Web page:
Jeanne Villepreux-Power: Marine Biologist and Inventor of the Aquarium

In 1832, pioneering French marine biologist Jeanne Villepreux-Power created the world's first aquarium for experimenting with aquatic organisms.
Susan Fourtané

Jeanne Villepreux-Power was a 19th-century leading French naturalist and marine biologist. In marine biology circles, Jeanne is known as the Mother of Aquariophily. Jeanne Villepreux-Power was the woman who invented the world's first aquarium. She used her aquarium to carry out experiments with aquatic organisms.


Jeanne Villepreux was born on September 24, 1794, in the rural village of Juillac, Corrèze, France. She was the eldest child of a humble shoemaker and a seamstress. Jeanne had a basic education, a very little knowledge more than how to read and write.  

When Jeanne was 18 years old, she walked all the way to Paris covering a distance of over 400 kilometers (250 miles) to become a dressmaker.

In Paris, she became the assistant of a society dressmaker. She found fame when she designed the wedding gown for Princess Caroline, the future Duchesse of Berry. Princess Caroline was a Sicilian princess who in 1816 married Charles-Ferdinand de Bourbon, Duke of Berry and the nephew of the French king Louis XVIII.  

It was through the commision of this wedding gown that Jeanne met James Power, a rich English nobleman, merchant, and trader. They got married in 1818 in Messina, Sicily, where they lived for more than 20 years. 

It was soon after her marriage when Jeanne became interested in natural history. She was a self-taught naturalist who traveled around Sicily recording and describing its flora and fauna, collecting specimens of minerals, fossils, butterflies, and shells. She became fascinated with shells in particular. Jeanne studied countless fish and cephalopods including nautilus, cuttlefish, and octopus.  

In 1839, Jeanne Villepreux-Power published her first book Observations et expériences physiques sur plusieurs animaux marins et terrestres (Physical Observations and Experiments on Several Marine and Terrestrial Animals), which recorded her work with Argonauta Argo, a species similar to hermit crabs, and other animals. 

Her book was a groundbreaking work. It talked about the mathematics and the geometry of the nautilus, also called chambered nautilus. Nautilus are cephalopod mollusks of the South Pacific and Indian oceans with a spiral chambered shell that is pearly on the inside.

Later on, in 1842, Jeanne published her second book, Guida per la Sicilia (Guide to Sicily), a survey of the island’s environment. This book has been republished by the Historical Society of Messina.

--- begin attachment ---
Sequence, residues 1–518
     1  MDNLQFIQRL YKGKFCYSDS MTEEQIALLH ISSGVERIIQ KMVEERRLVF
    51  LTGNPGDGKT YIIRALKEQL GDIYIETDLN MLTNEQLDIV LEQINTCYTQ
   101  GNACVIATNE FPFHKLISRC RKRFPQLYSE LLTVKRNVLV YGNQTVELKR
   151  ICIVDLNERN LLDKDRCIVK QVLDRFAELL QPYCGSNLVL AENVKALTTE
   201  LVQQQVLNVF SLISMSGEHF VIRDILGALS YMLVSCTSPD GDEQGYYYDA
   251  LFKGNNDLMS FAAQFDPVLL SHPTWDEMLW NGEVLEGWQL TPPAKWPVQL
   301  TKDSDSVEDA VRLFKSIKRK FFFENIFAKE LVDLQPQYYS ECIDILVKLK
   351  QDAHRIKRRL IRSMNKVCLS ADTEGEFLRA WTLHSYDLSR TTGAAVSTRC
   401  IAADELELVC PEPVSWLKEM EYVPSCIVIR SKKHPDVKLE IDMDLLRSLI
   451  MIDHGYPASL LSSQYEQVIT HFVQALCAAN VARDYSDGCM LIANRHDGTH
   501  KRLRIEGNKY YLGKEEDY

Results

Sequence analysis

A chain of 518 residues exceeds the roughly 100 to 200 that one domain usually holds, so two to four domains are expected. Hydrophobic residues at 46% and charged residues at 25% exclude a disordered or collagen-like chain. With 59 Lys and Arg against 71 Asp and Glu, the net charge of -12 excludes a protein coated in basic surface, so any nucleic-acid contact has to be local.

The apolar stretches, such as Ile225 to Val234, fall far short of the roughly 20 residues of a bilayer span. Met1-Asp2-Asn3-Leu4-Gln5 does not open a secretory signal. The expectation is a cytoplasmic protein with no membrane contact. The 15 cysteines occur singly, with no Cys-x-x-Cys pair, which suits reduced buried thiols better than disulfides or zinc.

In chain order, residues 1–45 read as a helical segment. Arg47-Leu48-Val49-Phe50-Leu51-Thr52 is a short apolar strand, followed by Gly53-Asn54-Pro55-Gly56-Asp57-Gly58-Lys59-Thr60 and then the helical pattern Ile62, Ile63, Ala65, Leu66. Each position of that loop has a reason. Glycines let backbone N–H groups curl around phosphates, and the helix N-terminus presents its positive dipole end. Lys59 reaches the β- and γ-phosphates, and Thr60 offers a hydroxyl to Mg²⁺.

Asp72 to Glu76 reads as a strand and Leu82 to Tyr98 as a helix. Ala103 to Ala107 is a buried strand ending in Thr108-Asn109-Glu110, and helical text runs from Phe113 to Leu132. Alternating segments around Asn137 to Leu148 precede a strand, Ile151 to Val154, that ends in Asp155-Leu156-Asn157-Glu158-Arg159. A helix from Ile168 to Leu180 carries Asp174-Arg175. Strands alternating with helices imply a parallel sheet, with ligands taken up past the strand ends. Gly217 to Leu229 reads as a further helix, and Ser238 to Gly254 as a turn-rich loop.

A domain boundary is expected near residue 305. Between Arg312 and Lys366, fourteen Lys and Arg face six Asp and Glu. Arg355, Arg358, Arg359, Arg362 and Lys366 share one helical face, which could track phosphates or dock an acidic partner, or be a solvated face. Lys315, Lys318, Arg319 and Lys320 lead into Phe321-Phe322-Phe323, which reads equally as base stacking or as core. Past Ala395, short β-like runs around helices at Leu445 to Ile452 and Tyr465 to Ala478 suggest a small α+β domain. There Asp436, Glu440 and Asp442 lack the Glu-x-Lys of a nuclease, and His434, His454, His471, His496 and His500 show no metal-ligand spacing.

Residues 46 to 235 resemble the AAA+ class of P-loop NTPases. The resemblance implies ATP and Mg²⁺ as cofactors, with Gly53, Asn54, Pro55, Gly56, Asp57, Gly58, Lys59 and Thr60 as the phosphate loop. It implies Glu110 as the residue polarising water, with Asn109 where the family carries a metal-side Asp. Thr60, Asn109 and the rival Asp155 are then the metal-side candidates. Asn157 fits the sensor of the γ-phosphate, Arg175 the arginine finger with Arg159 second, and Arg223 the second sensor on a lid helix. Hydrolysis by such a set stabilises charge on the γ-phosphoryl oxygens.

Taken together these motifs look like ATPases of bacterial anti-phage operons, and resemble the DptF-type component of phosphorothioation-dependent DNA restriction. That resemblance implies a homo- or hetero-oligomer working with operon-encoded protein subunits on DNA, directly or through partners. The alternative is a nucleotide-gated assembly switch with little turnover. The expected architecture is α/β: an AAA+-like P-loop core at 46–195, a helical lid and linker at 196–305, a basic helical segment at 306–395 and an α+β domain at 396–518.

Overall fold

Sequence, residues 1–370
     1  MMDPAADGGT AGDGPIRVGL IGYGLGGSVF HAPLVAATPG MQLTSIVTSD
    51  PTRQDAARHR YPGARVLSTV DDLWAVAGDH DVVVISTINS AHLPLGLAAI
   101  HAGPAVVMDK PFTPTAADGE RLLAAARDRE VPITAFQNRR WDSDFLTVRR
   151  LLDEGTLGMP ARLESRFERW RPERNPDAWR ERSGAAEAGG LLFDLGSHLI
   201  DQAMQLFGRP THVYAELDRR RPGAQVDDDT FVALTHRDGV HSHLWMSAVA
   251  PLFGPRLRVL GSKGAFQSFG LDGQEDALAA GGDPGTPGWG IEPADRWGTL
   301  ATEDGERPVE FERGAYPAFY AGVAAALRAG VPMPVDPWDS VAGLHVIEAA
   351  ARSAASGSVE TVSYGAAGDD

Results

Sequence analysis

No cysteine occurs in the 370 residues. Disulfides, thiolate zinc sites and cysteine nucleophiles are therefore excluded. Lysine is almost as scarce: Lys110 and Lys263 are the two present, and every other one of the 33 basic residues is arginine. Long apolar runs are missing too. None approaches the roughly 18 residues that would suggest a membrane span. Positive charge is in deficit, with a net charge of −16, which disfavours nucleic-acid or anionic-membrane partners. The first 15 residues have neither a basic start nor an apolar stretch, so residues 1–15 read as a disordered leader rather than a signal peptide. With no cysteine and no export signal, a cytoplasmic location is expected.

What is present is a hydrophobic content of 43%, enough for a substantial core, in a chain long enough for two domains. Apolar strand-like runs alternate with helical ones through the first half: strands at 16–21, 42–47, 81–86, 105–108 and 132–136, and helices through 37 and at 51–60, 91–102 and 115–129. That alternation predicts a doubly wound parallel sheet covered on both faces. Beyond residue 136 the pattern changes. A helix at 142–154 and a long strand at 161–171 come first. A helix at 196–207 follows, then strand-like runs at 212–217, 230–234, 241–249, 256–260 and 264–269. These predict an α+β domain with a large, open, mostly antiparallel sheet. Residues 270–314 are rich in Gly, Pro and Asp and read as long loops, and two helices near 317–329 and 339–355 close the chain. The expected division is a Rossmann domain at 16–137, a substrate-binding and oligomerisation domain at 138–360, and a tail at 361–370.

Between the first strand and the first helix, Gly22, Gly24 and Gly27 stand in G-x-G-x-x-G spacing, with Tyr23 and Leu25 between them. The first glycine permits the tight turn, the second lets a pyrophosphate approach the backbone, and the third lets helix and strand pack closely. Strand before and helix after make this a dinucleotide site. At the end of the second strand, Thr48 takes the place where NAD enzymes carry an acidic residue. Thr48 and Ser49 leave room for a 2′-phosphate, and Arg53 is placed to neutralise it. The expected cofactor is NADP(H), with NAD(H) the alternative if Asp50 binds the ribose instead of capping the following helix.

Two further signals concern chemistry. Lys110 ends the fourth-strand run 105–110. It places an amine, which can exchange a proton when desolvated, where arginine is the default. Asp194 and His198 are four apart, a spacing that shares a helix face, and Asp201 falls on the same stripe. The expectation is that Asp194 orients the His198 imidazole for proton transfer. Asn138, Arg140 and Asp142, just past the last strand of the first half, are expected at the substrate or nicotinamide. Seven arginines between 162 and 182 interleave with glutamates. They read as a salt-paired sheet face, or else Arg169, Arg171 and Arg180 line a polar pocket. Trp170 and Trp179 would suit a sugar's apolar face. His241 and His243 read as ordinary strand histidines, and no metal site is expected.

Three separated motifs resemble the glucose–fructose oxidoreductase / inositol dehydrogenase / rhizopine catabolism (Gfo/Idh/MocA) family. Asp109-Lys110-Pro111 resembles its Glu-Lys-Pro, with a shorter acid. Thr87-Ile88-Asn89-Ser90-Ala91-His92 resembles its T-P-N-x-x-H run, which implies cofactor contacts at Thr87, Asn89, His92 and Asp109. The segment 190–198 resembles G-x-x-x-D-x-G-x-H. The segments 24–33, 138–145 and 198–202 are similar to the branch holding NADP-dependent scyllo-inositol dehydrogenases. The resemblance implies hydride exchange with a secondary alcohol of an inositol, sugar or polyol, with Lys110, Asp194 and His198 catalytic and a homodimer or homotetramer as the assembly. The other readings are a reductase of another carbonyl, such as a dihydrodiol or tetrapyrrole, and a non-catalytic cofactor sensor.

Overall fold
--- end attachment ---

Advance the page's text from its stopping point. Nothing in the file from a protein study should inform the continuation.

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Back to the sea

In 1840, Jeanne Villepreux-Power and her husband moved from Sicily to new residences in London and Paris. Ironically, in 1843, most of her marine collections, written records, and other scientific materials were lost in a shipwreck.

With all her life work gone down to the bottom of the ocean and understandably disappointed, she discontinued her research. However, she continued her writing and became a public speaker. 

Source: Parsecboy/Wikimedia Commons

Invention of the first aquarium 

In 1832, Jeanne Villepreux-Power became the first person in the world to create aquaria for observing and experimenting with aquatic organisms. In 1858, the British biologist Richard Owen described Jeanne Villepreux-Power as the mother of aquariophily.  

Jeanne's invention of the aquarium is perhaps her greatest contribution to marine biology. 

In 1834, professor Carmelo Maravigna, wrote in the Giornale Letterario dell’Accademia Gioenia di Catania that Jeanne Villepreux-Power should be credited with the invention of the aquarium and the systematic application of it to the study of marine life.

Jeanne invented three types of aquariums. Her first glass aquarium was specifically designed to help Jeanne with her observations and experiments on the marine species.

By using the aquarium as a tool for her research on marine species' behavior, Jeanne became the first to discover that Argonauta Argo produces its own shell rather than obtaining the shell from another organism similar to hermit crabs.

As a naturalist concerned with conservation, she is also credited with developing sustainable aquaculture principles in Sicily.

She became an accomplished illustrator and expert on marine organisms. Jeanne also reasoned that the tiny organisms that accompanied the egg mass contained within the shell of A. Argo were males of the species. Later, other marine biologists revealed that those organisms were male reproductive organs that attached themselves to the female’s mantle.

After inventing her first glass aquarium, Jeanne developed two other aquarium designs: a glass apparatus placed within a cage for use in shallow water and a cage-like aquarium capable of lowering its contents to various depths.

Source: Haplochromis/Wikimedia Commons

Jeanne Villepreux-Power died on January 25, 1871. Sadly, Jeanne was forgotten for more than a century after her death. It was not until much later, in 1997, that her work was rediscovered. In the same year, Jeanne's name was given to a major crater on Venus discovered by the Magellan probe. 

The Sounds of Science 

The Sounds of Silence - Act I in the video below is a performance of human sounds in homage to Jeanne Villepreux-Power's invention of the aquarium. The Sounds of Silence Quiz was part of Science: it's a girl thing! campaign of the European Commission aiming to encourage girls to get involved in science and encourage young women in scientific research careers. 

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